Date of Award


Document Type

Open Access Dissertation

Degree Name

Doctor of Philosophy in Chemical Engineering (PhD)

Administrative Home Department

Department of Chemical Engineering

Advisor 1

Caryn L. Heldt

Committee Member 1

Tony N. Rogers

Committee Member 2

Lei Pan

Committee Member 3

Jeremy Goldman


Gene therapy is a therapeutic intervention designed to correct single gene disorders. AAV has been identified as a suitable vector for delivering therapeutic genes. However, the use of AAV has been hampered by manufacturing challenges inclusive of low virus recovery, and the presence of AAV without the gene of interest (empty capsids). To solve these problems, we characterized the charge and hydrophobicity of AAV, and surrogate viruses using chemical force microscopy (CFM). CFM uses a modified atomic force microscope (AFM) probe to measure the adhesion force between a virus particle and a functional chemistry.The virus particles to be measured are covalently bound on a gold coated glass slide.

CFM revealed the hydrophobic interaction of was used to characterize the hydrophobicity of non-enveloped porcine parvovirus (PPV) enveloped bovine viral diarrhea virus (BVDV) increased with rising sodium chloride concentration but not non-enveloped porcine parvovirus (PPV) while the inclusion of polyethylene glycol (PEG) improved the hydrophobic interaction of PPV and BVDV. Ethanol enhanced PPV hydrophobic interaction but not for BVDV. Hydrophobic dye absorption to PPV and BVDV correlated to the CFM results when ethanol was added. This is the first evaluation of virus hydrophobicity using CFM.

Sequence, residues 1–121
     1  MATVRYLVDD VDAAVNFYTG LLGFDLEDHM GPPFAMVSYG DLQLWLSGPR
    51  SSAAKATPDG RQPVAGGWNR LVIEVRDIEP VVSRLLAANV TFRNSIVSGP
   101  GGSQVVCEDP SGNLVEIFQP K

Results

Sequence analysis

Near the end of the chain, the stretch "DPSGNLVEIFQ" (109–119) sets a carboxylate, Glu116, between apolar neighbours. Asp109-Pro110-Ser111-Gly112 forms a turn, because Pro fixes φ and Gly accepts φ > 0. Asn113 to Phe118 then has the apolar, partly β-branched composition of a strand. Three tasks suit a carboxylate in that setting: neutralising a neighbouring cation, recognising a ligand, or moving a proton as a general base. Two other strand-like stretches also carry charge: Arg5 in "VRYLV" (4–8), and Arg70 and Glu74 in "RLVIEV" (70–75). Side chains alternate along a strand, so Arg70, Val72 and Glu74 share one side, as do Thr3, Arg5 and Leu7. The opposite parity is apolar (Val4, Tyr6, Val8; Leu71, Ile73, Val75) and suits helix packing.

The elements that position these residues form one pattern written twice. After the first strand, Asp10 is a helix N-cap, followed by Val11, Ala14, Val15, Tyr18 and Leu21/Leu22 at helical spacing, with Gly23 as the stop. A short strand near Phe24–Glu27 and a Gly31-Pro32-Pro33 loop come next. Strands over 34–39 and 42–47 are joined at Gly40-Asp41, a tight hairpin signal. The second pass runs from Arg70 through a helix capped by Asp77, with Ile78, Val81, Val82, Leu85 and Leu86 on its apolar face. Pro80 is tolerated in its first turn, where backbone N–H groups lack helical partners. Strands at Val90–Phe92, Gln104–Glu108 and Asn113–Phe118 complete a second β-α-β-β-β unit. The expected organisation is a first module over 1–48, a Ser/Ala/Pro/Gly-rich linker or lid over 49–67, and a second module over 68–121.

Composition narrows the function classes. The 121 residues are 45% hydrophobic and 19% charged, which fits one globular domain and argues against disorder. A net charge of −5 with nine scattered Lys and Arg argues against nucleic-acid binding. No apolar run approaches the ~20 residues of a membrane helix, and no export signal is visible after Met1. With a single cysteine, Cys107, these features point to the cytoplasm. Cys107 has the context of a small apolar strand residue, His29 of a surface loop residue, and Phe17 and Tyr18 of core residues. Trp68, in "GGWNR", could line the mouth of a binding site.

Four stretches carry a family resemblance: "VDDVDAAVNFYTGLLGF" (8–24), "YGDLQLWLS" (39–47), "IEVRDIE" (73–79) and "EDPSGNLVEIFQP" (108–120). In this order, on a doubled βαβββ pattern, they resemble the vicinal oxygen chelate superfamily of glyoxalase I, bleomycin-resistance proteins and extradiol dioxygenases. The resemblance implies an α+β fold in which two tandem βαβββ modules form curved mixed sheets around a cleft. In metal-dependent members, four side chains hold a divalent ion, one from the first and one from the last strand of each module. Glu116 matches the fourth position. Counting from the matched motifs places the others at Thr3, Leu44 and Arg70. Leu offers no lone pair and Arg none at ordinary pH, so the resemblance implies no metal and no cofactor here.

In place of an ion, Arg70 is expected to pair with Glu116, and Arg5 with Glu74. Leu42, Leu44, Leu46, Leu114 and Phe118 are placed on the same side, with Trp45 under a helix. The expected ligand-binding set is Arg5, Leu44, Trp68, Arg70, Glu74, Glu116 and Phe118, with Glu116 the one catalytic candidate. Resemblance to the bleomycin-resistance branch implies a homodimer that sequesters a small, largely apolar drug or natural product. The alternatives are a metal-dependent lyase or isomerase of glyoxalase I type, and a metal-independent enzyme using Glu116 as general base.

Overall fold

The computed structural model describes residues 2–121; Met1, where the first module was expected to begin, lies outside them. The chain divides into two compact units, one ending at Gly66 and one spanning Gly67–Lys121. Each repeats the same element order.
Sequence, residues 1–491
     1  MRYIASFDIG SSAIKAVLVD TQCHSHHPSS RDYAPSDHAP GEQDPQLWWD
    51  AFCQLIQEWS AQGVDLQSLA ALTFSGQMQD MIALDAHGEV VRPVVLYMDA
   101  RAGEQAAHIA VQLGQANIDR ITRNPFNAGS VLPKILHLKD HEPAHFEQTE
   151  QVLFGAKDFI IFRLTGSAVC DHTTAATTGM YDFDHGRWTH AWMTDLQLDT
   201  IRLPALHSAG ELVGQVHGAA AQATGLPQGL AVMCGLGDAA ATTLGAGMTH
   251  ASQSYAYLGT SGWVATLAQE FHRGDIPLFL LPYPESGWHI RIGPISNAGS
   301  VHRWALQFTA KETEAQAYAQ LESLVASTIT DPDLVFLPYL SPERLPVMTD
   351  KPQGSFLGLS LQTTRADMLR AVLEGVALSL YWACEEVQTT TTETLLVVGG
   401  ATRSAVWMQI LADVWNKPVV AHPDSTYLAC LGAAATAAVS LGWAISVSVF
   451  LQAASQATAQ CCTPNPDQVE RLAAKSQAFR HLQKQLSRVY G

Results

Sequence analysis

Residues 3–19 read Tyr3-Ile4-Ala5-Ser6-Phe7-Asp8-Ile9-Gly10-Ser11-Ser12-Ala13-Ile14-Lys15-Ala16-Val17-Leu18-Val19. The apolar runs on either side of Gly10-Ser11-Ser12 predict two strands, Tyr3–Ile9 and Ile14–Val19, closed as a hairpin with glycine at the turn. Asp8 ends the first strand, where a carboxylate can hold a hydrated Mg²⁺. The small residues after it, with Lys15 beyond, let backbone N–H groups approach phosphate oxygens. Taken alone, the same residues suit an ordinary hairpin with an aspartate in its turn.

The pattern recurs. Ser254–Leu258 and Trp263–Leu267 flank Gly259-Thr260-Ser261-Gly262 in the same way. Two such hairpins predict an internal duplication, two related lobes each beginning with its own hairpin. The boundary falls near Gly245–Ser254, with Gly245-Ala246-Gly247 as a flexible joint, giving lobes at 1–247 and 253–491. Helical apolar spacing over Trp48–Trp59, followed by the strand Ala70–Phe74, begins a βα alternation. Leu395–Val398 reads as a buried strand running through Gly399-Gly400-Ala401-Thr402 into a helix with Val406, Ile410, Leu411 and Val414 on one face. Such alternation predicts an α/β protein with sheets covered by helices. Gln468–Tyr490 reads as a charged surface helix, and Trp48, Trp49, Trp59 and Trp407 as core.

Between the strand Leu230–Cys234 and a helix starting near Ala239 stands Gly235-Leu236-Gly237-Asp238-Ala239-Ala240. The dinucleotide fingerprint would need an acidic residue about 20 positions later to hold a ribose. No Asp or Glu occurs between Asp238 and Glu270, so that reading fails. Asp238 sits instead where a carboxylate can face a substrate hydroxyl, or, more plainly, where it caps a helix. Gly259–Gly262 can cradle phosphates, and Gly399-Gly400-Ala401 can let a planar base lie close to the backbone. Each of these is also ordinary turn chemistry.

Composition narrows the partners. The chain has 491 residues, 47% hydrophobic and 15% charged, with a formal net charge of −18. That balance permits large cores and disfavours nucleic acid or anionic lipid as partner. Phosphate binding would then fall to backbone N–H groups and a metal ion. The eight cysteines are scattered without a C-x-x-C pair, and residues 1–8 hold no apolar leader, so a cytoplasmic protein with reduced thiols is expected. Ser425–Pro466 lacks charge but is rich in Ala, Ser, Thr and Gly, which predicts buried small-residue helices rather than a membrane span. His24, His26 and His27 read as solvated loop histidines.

The charge and hydrophobicity of AAV empty and full capsids assessed by the CFM has been utilized to interpret previously unknown interactions of the anion exchange (AEX) chromatogram. Although, AEX is designed to be solely dependent on electrostatic, hydrophobic interactions seemed to prevail for AAV at lower conductivity levels. CFM may be used in the future to optimize buffers, develop and choose AEX ligands.

The isoelectric point (IEP) of SARS-CoV-2 was first experimentally established using CFM. Understanding viral transmission and adherence requires deciphering the structural, surface, and functional features of each viral protein. Viral RNA sequence modeling and protein crystals has been insufficient in determining the IEP. Thus, we experimentally measured the IEP of SARS-CoV-2 and compared it to variations of interest (VOIs).

With the novel CFM approach presented in this study, viral surfaces can be appropriately characterized, and a predictive model can be designed for selecting the solution conditions for virus purification.